Referring to FIG. 7 of the drawings, there is shown a cross-sectional view of a PCB 9 similar to that shown in FIGS. 3 and 4 except without a channel 16 formed therein. The PCB 9 shows the gate drive windings 31, 33 otherwise referred to as gate drive turns. These gate drive windings 31, 33 are connected to gates (not shown) elsewhere on a main PCB (not shown) through the connections on the fingers 15. The gate drive windings may have a different form and are only shown as an illustration of the use of the PCB to house gate drive windings.

Referring to FIG. 8 there is shown a circuit schematic of a power converter incorporating the transformer according to the present invention. The power converter, indicated generally by the reference numeral 41, comprises a pair of primary side switches 43, 45, a pair of primary side capacitors 47, 49, a primary winding 5, a centre-tapped secondary winding comprising a pair of winding halves 7, a pair of MOSFETs 51, 53, each of which has a gate drive turn 31, 33 associated therewith, a tapped output inductor having sections 55, 56, an output diode 57 and an output capacitor 59.

Referring to FIG. 9 there is shown a side elevation view of the transformer assembly 1 according to the invention. The transformer assembly has primary winding wire 5 exiting from the top of the transformer. The transformer has a plurality of protruding fingers 15 and integral feet 21 that may be used to mount the transformer onto a PCB. Referring to FIG. 10, there is shown a side view of the transformer assembly mounted on a mother PCB by its integral feet and its fingers.

Referring to FIG. 11, there is shown a side view of an alternative mounting arrangement. The transformer assembly 71 is mounted on its side and laid flat on the main mother PCB 72. In this way, the gate drive windings may be implemented in the main PCB 72 and the primary winding 5 may be wound on that or another PCB section 73 before the core sections 4 are joined together about the windings. A local printed circuit board 73 is provided as part of the transformer assembly and a pin 75 is provided connected to both the local PCB 73 and the main PCB 72 to secure the local PCB 73 and hence the transformer assembly 71 in position relative the main PCB 72. A wire 77 from the secondary winding is led off from the transformer at the end of the transformer opposite the end from which the primary winding 5 leads exit the transformer 71. This construction is useful for low profile implementations.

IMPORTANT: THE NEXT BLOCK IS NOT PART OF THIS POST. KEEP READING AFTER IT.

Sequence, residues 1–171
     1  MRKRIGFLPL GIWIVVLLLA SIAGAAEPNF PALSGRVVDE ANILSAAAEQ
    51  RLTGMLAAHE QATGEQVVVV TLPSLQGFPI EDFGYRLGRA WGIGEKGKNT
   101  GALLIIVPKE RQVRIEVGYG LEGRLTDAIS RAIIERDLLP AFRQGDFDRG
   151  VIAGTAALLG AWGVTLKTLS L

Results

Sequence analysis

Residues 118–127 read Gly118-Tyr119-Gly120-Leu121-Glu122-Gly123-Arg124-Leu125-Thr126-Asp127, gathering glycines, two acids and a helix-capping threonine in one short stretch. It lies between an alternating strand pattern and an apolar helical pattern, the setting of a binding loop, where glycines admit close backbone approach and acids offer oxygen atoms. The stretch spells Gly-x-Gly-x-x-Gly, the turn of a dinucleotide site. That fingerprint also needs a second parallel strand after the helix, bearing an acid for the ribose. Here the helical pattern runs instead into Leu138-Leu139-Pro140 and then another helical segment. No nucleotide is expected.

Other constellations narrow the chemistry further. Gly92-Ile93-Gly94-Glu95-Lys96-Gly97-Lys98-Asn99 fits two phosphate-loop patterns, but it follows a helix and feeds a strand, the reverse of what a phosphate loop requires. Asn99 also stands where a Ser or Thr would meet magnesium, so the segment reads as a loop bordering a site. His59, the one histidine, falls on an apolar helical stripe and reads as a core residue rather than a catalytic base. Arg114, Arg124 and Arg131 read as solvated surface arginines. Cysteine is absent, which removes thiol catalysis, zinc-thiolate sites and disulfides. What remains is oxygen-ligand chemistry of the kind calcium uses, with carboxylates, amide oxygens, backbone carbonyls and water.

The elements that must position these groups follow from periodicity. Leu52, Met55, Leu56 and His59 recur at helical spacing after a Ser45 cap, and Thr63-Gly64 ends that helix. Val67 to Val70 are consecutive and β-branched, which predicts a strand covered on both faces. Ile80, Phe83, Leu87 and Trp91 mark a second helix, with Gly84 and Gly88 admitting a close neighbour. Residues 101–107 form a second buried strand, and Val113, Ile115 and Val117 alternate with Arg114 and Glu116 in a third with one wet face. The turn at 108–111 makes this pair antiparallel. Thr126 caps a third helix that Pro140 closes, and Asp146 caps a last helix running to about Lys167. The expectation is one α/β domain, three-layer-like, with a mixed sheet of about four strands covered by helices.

In the embodiment shown, the transformer mounting in a main printed circuit board (not shown) is secured by the integral feet 21 integrally formed from the outer secondary coils 7 and/or by the fingers 15 formed integrally with the printed circuit board 9. The protrusions may alternatively be provided by tabs on other printed circuit board/boards implementing the required windings. As a further refinement, the magnetic E-core sections 4 may be notched to facilitate the ingress and egress of wire connections (not shown).

It will be appreciated that variations of the implementation described above are feasible, and several of these are envisaged by the applicant. In particular, printed circuit board techniques may be used to implement some or all of the windings mentioned. In certain implementations, the primary windings may be implemented in PCB as may the secondary windings. Furthermore, the shields can be implemented in PCB if desired. These implementations using printed circuit board techniques typically will have buried vias in order to achieve the creepage and clearance requirements needed as the buried vias will provide additional insulation. It will be understood that any combination of the primary windings, secondary windings, gate drive windings, bias windings and balancing windings can be implemented in PCB.

The order of the windings may also be altered in response to circuit requirements. For example, it is envisaged that in certain embodiments, a dual primary winding with one or more secondary windings sandwiched between the dual primary winding halves may be preferred. Similarly, other configurations may be desirable and the present invention could be implemented in those configurations also. In such configurations, the primary may be wound on another substrate such as the secondary winding or a shield. Furthermore, gaps between the windings may be provided for controlled leakage inductance values. Throughout the specification, the secondary winding has been shown as a centre tapped secondary winding. However, it will be understood that other implementations of secondary winding could be provided. For example, a single, unitary secondary winding could be provided rather than a secondary winding having two halves.